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Relatively often there are new kernel upgrades. But every time I install them, I do not see any difference between before and after. What do they exactly provide? How can I feel their presence on me? Are they really needed?

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It’s a good thing that you don’t notice any difference when upgrading the kernel; the Linux kernel is always supposed to be backwards-compatible.

Now obviously there are differences. You can get some idea by reading the “human” changelogs on Kernel Newbies; the changes tend to fall under four large headings:

  • security fixes (including fixes for high-profile issues such as the Spectre variants, Meltdown etc.)
  • new hardware support, or improved hardware support
  • new features (new file systems etc.)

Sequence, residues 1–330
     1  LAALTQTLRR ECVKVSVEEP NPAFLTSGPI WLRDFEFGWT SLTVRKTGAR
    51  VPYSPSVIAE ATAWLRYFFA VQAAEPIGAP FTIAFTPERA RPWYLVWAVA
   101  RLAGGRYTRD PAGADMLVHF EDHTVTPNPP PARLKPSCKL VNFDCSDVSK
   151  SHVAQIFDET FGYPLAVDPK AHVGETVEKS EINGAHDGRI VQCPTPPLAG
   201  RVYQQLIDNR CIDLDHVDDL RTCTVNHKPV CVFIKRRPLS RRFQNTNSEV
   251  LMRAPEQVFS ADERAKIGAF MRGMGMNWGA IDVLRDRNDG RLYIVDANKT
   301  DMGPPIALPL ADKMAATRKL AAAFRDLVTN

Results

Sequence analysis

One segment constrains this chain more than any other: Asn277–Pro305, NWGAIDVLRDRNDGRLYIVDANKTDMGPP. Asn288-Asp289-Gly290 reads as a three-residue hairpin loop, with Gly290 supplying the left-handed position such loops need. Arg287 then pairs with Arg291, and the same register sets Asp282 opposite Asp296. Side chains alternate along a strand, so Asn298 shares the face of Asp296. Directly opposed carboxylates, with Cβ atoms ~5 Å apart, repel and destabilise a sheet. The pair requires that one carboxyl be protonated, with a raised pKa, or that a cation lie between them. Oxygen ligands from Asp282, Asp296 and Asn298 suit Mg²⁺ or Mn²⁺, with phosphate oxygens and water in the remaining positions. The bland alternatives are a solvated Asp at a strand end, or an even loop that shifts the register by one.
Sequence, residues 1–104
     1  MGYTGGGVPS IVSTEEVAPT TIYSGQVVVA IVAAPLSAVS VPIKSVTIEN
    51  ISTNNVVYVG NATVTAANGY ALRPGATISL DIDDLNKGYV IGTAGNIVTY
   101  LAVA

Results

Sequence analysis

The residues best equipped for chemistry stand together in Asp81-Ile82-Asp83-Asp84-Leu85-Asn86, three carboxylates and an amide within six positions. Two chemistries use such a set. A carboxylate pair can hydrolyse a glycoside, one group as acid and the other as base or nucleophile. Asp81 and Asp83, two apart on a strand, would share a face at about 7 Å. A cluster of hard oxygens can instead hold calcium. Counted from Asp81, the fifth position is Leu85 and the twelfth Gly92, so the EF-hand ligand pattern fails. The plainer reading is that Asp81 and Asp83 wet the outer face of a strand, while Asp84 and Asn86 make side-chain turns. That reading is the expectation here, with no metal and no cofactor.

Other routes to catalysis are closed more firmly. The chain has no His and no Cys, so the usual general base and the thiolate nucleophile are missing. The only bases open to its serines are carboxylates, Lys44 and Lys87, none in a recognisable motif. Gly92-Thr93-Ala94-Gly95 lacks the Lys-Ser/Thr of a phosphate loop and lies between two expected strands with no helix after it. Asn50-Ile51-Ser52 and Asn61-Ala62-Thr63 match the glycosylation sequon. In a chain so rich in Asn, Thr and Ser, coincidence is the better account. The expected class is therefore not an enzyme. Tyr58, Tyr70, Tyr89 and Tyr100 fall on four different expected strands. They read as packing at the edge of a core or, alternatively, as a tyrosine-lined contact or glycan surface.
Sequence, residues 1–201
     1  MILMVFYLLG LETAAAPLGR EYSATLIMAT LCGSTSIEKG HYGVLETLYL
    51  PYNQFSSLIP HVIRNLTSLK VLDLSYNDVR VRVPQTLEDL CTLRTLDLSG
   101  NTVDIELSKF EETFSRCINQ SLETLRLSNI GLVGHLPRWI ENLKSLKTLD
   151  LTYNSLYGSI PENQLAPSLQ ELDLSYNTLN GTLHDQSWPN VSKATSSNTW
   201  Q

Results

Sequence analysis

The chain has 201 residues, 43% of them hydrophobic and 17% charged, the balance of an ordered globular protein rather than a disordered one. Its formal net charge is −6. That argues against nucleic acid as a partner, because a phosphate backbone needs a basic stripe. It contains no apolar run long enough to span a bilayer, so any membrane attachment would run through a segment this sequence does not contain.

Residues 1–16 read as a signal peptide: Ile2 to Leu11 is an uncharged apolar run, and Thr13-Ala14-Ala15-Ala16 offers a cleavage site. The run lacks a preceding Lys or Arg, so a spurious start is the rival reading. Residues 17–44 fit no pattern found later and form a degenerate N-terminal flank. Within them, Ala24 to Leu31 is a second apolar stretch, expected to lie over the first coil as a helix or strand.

• refactoring, e.g. improvements to the design and architecture, or performance improvements

In most cases you’ll only notice changes which enable previously-unsupported hardware which you happen to have, or enable new features on your hardware. Other changes will be invisible, either because they’re supposed to be (security fixes and refactoring) or because they require support from applications or libraries before they make any difference. In some cases even improved hardware support won’t be apparent immediately; for example, improved OpenGL support in your GPU’s drivers requires support in Mesa too.

The presence of security fixes in nearly all kernel releases means they really are needed: you should be tracking either the latest version in general, or the latest version in whatever stable branch you’re using (assuming it’s supported). The safest approach is to use your distribution’s kernel, again assuming you’re using a supported release of your distribution.

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